He Named Malala: Film Review


I will put my hands up and say that I am terrible when it comes to watching documentaries. I rarely do, but the story of teenage activist Malala Yousafzai fascinates me so I had to check out He Named Me Malala, which is powerful, interesting and heartbreaking.

Yousafzai was 15 when she was shot in the head by the Taliban for publicly opposing their ban on girls’ education in Pakistan. She was flown to a hospital in Birmingham, where she now lives with her parents and two brothers. The documentary tells the story of her home life in Pakistan, the rule of the Taliban, Malala’s campaigning with her father and how she copes with the limelight now, school life and living in England.


I knew about the main event and her subsequent feminist and children’s rights activism but I knew nothing else. I feel like we really got to know her and I especially loved footage of her messing around with her brothers and doing normal kids stuff – we never see that side of her. It proves that she can be a young, cheeky kid in the home. It is also sad seeing how difficult she and her mother find living in the U.K. – they wish they could return home to the Swat Valley but Malala would be killed.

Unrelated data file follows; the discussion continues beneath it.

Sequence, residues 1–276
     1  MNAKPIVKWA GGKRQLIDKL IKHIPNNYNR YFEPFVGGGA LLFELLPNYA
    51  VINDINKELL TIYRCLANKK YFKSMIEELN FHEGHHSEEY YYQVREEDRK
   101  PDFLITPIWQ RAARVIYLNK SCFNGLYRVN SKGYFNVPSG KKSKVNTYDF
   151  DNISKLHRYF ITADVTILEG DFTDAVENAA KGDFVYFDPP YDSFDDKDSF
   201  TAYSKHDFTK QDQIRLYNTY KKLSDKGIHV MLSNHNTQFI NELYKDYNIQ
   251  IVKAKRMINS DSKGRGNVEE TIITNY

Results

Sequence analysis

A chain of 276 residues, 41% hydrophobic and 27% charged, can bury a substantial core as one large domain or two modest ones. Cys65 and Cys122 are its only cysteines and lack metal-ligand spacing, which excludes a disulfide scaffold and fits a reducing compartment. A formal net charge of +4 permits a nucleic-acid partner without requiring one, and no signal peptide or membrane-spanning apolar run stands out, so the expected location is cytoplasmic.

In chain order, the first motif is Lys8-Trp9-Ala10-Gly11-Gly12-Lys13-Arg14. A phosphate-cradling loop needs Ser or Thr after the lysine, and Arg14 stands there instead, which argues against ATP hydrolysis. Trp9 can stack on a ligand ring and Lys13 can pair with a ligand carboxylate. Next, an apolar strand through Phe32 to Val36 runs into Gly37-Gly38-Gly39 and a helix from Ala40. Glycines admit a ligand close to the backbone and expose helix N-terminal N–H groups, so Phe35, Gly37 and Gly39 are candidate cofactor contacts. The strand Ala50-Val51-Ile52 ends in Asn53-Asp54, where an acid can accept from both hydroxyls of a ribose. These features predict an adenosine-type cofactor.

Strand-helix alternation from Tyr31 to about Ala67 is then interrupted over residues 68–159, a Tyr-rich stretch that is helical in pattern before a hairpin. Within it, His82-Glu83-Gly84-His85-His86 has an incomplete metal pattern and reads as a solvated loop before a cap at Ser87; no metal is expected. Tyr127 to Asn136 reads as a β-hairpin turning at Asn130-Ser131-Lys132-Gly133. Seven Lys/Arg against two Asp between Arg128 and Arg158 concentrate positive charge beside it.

I also didn’t know that her father was a school teacher, who campaigned against the Taliban even though they were murdering the opposition. It is clear to see where Malala got her voice from and her passion for public speaking for causes close to her heart. It is hinted that her father encouraged her to write for Western media about the school situation, and he blamed himself for her attack. She does not – she claims she did it all herself, but it is hard to see how that would be possible.


Hearing about what the Taliban did to people in Pakistan made me emotional, and seeing Malala meeting refugees etc in the present put tears in my eyes. She is quiet but determined and her bravery is inspiring – she could just become a regular school girl after that life-threatening drama, but she refuses to. I am just in awe of her.

I must mention the animation. It is beautiful and I loved those scenes. It was used to show their story in Pakistan leading up to the 2012 shooting, but it is not employed too often. It really complemented the narration.

I wholeheartedly recommend this if you have even the smallest interest in Malala’s story. You will discover the young girl behind the public figure and get a clearer picture of what happened in the run-up to that tragic day.

In cinemas today 

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